The newly published documents (which are dated from September 2013) specifically mention JTAN, a small hosting firm based in Easton, Pennsylvania that accepts payment in Bitcoin and previously offered “Privacy Services.” It also sells its services via anonymous accounts.
The hosting company's site states, “JTAN offers accounts and services without requiring you to tell us your name or physical address. Regardless of the fact that you attempt to remain anonymous, all JTAN account Terms and Conditions remain in effect.”
While the court documents do not mention the owner of JTAN, whois records show that it belongs to one Christopher Nadovich of Sellersville, Pennsylvania.
Nadovich is the director of laboratories at the Electrical and Computer Engineering department at Lafayette College in nearby Easton, about 80 miles due west of New York City.
"I'm afraid that I'm not willing to comment about Silk Road," Nadovich told Ars, adding that he is still employed by Lafayette College. Nadovich also noted that JTAN is still in business—and he's looking to sell the business. He also told Ars that JTAN continues to allows anonymous customers.
For now, a search of online court records shows that no charges have been filed against Nadovich.
A thread leading backLast month Ross Ulbricht, a young Texan, was formally indicted on charges of narcotics trafficking conspiracy, continuing criminal enterprise, computer hacking conspiracy, and money laundering conspiracy.
Ulbricht’s defense attorney, Joshua Dratel, previously told Ars, "Ross will be pleading not guilty at the arraignment. The indictment was expected and does not contain any new factual allegations. We look forward to beginning the discovery process and preparing Ross’s defense."
The new JTAN affidavit in support of a search warrant, written by an FBI agent whose name was redacted, notes that the agency has analyzed the contents of the seized Silk Road server.
Among other data, the Silk Road Web Server contains databases used to run the Silk Road website, including databases of vendor postings, transaction records, private messages between users, and other data reflecting user activity. In analyzing the configuration of the Silk Road Web Server, the FBI has discovered that the server regularly purges data from these databases older than 60 days. Thus, the image of the Silk Road Web Server possessed by the FBI contains data reflecting only 60 days of user activity, counting back from the date the server was imaged.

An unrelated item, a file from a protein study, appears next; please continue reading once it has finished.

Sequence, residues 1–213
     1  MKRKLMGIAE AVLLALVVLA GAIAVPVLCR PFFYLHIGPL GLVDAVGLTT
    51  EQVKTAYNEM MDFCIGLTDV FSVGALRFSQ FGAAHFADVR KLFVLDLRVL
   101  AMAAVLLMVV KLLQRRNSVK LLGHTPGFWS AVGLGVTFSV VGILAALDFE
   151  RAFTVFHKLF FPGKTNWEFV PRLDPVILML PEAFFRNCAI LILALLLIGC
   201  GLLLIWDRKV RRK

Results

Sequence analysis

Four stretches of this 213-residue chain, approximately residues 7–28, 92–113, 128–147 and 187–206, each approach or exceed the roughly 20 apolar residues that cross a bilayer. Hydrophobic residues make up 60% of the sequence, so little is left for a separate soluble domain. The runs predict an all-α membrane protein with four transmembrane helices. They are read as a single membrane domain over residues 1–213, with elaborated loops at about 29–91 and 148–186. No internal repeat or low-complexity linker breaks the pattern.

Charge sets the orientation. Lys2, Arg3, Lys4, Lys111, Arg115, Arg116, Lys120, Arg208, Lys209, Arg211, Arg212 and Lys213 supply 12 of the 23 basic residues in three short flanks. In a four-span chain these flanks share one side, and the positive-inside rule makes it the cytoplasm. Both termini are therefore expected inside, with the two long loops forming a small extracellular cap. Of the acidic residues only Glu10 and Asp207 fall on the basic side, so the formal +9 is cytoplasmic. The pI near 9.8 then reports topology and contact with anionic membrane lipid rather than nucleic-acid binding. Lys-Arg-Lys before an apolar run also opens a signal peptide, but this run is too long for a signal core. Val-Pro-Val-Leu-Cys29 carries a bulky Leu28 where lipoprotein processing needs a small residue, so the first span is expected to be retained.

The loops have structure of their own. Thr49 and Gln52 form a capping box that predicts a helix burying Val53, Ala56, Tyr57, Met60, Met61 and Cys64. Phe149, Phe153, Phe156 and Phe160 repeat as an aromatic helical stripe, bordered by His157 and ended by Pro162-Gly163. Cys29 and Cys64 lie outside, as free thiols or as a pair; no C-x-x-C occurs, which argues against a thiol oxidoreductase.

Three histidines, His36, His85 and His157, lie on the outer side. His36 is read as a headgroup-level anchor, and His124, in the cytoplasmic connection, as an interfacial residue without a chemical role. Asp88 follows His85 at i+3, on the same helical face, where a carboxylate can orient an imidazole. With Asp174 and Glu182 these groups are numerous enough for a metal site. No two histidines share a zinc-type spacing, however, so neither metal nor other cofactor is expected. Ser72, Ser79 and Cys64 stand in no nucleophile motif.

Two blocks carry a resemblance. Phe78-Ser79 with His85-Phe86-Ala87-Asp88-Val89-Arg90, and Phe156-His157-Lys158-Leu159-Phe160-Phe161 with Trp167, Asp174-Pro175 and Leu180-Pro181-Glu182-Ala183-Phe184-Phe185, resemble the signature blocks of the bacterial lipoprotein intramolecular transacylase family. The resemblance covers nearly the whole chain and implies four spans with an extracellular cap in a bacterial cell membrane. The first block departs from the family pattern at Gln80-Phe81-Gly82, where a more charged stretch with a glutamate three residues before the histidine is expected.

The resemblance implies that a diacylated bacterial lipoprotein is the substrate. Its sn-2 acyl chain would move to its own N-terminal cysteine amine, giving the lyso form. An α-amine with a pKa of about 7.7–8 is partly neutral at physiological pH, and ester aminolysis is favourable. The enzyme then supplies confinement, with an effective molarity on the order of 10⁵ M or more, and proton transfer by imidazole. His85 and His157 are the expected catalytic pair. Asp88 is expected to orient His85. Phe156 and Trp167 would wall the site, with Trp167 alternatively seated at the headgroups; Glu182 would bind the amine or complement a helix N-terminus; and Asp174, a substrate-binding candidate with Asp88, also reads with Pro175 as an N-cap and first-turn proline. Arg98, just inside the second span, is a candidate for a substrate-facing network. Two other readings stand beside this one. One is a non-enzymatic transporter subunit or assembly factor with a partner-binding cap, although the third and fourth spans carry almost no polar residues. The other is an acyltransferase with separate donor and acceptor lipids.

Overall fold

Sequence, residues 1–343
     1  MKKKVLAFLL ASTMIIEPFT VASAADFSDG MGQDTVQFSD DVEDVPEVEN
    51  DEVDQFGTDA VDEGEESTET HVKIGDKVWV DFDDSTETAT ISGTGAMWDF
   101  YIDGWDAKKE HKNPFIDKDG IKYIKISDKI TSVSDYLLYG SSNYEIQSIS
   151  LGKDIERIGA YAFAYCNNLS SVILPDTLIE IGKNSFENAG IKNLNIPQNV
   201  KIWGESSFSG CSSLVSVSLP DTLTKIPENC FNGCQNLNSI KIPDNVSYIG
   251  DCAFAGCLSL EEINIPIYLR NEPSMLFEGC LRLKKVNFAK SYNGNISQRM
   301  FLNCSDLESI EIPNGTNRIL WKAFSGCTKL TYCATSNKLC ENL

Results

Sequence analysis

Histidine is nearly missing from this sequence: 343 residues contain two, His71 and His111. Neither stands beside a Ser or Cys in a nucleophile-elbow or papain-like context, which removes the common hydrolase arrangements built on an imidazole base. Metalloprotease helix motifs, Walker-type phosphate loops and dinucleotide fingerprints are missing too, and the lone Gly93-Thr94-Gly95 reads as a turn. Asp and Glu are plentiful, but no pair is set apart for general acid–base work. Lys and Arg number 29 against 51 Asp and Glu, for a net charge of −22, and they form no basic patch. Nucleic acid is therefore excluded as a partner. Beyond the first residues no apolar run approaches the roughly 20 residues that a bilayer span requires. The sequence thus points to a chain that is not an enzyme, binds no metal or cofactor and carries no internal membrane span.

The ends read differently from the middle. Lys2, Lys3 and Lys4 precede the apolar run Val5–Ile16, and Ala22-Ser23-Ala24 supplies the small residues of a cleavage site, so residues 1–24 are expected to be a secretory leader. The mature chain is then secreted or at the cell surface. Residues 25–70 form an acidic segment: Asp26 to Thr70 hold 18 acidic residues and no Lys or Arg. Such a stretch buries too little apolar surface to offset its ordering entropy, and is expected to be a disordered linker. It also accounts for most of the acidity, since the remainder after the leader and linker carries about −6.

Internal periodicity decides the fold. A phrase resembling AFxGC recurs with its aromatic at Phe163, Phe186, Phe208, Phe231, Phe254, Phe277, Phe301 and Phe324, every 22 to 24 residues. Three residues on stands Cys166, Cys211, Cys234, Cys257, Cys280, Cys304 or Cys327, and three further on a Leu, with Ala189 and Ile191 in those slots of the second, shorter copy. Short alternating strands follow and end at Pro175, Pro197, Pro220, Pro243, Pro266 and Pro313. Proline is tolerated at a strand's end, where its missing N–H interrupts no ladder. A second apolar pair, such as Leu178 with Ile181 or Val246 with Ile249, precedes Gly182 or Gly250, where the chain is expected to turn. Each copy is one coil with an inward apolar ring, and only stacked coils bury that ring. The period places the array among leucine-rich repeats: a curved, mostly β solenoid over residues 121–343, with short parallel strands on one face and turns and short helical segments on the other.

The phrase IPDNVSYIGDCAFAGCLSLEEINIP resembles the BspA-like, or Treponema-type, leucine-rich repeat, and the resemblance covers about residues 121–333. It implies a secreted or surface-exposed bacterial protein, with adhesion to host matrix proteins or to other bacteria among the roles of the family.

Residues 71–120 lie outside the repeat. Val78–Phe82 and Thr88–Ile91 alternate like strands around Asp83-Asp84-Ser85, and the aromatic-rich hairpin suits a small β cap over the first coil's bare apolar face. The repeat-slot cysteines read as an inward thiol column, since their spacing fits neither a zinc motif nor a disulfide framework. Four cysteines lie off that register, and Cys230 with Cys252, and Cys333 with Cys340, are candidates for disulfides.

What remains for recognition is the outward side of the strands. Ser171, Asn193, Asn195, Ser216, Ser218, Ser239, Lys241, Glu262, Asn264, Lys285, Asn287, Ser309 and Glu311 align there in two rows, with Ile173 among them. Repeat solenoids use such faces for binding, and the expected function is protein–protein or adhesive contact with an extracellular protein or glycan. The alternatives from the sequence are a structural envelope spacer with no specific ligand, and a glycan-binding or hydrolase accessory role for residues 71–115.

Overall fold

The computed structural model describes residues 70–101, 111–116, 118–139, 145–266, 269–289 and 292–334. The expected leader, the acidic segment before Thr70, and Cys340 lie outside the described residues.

However, the FBI has also discovered computer code on the Silk Road Web Server that periodically backs up data from the server and exports that data to another server. Testing of this backup script has revealed the IP address of the server to which this backup data is exported—namely, the IP address of the TARGET SERVER. Based on analysis of the backup script, it does not appear that previously backed-up data is deleted when new back-ups are made. Therefore, I believe it is likely that the TARGET SERVER contains records of user activity on the Silk Road website spanning a much longer date range than the data kept on the Silk Road Web Server.
Specifically, the FBI asked for “all data from the TARGET SERVER that contains or constitutes evidence, fruits, or instrumentalities of narcotics trafficking and money laundering,” including “relevant passwords, encryption keys and other access devices that may be necessary to access any data pertaining to the TARGET WEBSITE.”
Original thread here: http://arstechnica.com/tech-policy/2014/03/fbi-believes-small-pennsylvania-hosting-company-is-connected-to-silk-road/